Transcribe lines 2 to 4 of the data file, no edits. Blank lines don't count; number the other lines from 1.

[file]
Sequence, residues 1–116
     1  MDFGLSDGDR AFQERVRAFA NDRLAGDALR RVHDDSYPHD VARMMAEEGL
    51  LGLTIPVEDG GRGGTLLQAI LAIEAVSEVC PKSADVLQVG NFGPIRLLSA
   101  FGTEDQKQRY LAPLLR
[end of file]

     1  MDFGLSDGDR AFQERVRAFA NDRLAGDALR RVHDDSYPHD VARMMAEEGL
    51  LGLTIPVEDG GRGGTLLQAI LAIEAVSEVC PKSADVLQVG NFGPIRLLSA
   101  FGTEDQKQRY LAPLLR